Larry Louters will wear former Calvin president William Spoelhof's gown for Commencement.
Like his 319 colleagues on the Calvin faculty, chemistry professor Larry Louters will be dressing up in an academic gown and hood to attend this year’s Commencement. The gown and hood he will be wearing, however, are heirlooms that once belonged to Calvin’s former president Dr. William Spoelhof, Louters’ longtime friend.
"He had given me his robe about five or six years ago,” said Louters, displaying the garment. “This is the one he wore 90 percent of the time. It’s a really good quality one—tailored,” he added.
Louters is wearing the inherited regalia to honor Spoelhof, who served as Calvin’s president for 25 years and died on December 3, 2008. "He always made me feel like I was a better and stronger professor than I deserved,” he said. Louters became a Spoelhof colleague when he began teaching at Calvin in 1984.
He became a Spoelhof friend 10 years after that. In 1994 following the death of Spoelhof’s wife, Ange, Louters and his wife Mary Jo began to have breakfast once a week with the former president. They always went to the same restaurant, The Gathering, said Louters, and they always had the same waitress: “She even came to the funeral.”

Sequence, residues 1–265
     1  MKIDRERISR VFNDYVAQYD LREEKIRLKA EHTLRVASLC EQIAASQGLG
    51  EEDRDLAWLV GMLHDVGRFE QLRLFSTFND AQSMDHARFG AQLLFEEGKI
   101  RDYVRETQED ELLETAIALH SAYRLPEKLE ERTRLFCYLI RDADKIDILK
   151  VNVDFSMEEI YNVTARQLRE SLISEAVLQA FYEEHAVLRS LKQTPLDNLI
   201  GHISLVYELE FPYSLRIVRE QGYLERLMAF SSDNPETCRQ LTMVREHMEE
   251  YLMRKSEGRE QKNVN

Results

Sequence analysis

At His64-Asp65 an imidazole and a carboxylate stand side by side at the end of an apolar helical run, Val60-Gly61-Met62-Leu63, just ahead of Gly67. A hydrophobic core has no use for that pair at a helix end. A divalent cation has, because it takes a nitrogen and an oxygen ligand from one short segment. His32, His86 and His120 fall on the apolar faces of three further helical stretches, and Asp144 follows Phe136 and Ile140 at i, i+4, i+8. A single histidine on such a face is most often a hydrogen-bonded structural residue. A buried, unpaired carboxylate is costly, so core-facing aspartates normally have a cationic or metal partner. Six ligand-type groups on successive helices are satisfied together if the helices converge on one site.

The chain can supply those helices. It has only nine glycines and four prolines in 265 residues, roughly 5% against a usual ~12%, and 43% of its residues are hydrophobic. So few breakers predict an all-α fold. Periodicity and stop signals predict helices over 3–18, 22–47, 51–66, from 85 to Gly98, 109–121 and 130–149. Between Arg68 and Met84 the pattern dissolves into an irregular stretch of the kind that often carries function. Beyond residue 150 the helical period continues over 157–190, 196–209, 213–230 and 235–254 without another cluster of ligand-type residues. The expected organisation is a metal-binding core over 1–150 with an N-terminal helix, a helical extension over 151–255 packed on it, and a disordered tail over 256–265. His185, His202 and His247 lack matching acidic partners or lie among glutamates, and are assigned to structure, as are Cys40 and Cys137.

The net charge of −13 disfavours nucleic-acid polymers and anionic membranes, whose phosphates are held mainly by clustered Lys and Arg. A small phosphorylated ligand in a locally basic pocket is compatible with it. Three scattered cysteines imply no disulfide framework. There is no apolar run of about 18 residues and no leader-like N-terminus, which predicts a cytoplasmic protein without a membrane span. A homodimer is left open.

Louters chose a hood formerly belonging to Spoelhof from the many that are now part of the college archives in Heritage Hall. “I picked the only one with a white sash, and the reason I picked that one is that white is the color of the liberal arts—and there was no greater champion of the liberal arts than William Spoelhof,” said Louters, adding: “I think it’s actually the one he got from Hope.” Calvin archivist Richard Harms will wear another of Spoelhof’s hoods to Commencement.
Passing the torch
The former president did not consider himself iconic, Louters emphasized: “I don’t think he thought everything he did was so special that it should be revered. That’s why he passed the robe down to me. It’s the idea that the institution is bigger than a single person.”
Spoelhof attended Commencement ceremonies long after he retired in 1976. “It was such a special event for him,” Louters said. “He loved seeing the faculty at Commencement—all the colors.”
Wearing his friend’s cap and gown will be a bittersweet experience, Louters said. “It reminds me of him and his legacy, so there will be some joy in that regard … but there will be sadness. I miss him.”